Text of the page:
They can even repair the spinal column.

But they cannot fix the brain.

My speed indicator shows Mach 1.24, and shortly after I feel the press of atmosphere on my head and shoulders. Softly at first, the sound of air rushing past my helmet builds. The speed indicator starts counting down, as terminal velocity decreases with the thickening air.

The first people to drop from the edge of space pulled their chutes at about 18,000 feet, but not me. I applied for, and received a permit for HALO jumps over a decade ago. High Altitude, Low Opening, three or four times a year.

I needed the thrill, and I needed to fool the DPS drones that constantly watch for the stupid, the depressed, and those bent on harming others. The drones are there, my suit points them out to me, but by the time they realize my chute does not deploy, it will be too late.

I have Alzheimer’s. There is no official diagnosis, they would have pulled my permit. But a doctor friend of mine confirmed what I already suspected.

I hate forgetting the little things.

Modern medicine can fix so much, but it cannot fix the brain. I almost forgot to write an email to my kids. It took several reminders from my tablet to make sure it happened. I did not want them thinking they were to blame for my untimely death.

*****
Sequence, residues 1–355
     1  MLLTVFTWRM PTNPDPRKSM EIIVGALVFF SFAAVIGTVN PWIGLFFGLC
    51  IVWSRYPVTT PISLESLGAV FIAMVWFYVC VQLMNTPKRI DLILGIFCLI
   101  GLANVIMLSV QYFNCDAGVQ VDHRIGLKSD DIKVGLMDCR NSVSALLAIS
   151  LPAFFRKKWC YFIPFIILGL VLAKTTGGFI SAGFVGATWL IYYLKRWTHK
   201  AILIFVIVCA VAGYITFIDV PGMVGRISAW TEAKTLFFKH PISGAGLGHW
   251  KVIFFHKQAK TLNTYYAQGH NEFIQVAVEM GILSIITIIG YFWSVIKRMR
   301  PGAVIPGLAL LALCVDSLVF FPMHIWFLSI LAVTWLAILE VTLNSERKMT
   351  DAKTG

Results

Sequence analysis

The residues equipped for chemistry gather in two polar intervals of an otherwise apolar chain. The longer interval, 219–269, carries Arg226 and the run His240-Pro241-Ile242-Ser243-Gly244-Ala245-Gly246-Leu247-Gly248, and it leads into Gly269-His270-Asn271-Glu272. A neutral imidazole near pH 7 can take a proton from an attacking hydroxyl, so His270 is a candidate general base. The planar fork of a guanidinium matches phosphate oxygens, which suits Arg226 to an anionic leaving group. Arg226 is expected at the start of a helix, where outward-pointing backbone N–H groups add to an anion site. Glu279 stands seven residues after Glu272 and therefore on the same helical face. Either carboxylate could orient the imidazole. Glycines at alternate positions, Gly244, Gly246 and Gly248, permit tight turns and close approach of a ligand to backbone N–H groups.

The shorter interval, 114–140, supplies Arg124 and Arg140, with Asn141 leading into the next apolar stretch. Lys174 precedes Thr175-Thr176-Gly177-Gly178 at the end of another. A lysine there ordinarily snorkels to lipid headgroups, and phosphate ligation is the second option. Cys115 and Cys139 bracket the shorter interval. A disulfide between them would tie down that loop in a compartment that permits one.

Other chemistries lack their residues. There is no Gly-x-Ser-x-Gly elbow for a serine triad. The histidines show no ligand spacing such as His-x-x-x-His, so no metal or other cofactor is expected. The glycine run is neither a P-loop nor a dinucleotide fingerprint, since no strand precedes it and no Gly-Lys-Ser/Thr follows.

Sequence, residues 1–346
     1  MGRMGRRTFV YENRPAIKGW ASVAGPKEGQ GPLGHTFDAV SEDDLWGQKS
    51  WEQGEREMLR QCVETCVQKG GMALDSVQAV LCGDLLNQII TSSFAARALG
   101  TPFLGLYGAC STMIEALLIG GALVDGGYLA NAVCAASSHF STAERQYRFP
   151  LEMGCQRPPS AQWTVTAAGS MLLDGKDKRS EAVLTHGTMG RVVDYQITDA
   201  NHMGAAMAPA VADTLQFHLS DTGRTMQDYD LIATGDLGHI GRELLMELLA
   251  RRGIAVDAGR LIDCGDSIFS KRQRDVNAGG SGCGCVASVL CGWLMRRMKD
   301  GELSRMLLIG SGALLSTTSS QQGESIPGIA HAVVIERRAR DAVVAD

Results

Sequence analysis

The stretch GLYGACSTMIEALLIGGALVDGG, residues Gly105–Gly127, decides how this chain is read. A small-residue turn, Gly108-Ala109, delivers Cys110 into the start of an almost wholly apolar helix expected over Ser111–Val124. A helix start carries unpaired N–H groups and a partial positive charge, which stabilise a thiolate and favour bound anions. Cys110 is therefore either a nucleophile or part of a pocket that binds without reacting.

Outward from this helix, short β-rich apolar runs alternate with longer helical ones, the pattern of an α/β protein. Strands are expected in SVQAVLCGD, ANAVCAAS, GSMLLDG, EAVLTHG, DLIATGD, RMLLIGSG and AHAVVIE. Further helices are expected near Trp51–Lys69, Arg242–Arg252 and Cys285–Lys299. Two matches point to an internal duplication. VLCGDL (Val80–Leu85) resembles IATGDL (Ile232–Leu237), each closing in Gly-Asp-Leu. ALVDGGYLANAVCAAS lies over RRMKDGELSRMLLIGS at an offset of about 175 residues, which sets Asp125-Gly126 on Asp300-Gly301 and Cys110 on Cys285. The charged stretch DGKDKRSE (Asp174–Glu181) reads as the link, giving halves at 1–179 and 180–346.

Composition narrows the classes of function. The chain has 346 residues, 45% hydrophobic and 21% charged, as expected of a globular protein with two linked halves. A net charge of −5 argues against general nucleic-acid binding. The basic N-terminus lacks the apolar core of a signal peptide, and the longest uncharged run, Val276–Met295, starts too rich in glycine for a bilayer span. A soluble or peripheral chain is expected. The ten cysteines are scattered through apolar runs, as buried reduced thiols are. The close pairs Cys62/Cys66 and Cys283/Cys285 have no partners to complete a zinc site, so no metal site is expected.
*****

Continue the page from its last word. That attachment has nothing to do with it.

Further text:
I hope they understand. I cannot live without my dignity. The dignity of taking care of myself. Remembering my grandchildren’s birthdays. Remembering to eat. Remembering to breath.

I took a pill at the onset of a cold last month, and it was gone the next day. But this…this they cannot fix.

At nine hundred meters, my chute will not open, and the DPS drones will race in to try and save me. They keep pinging my suit, making sure all systems are normal. And they are. But I keep my head pointed down, hands swept back, doing everything I can to achieve maximum velocity. The ground races towards me at close to ninety meters a second.

There is something I am forgetting. I am always forgetting, then a reminder pops up on my visor. Thank god for technology. Too bad it can’t fix the brain.

I check my wireless data signal. It is strong. Using a combination of eye movements and blinks I send the previously composed email to my children.

“Please understand,” I whisper as the DPS drones activate the alarms in my suit. They try and command my chute to open, but my suit ignores their commands.

I have learned a few tricks in my decades on this planet.

Out of my periphery, I see a couple of drones racing in. It’s going to be close. I will myself to go faster, pull my arms in tighter, make my back straighter.

Speed brakes pop on the one approaching from my eleven o’clock, broad robotic hands reach out to me, grab at my suit. I feel a tug, then something tears and the ground rushes up to meet me.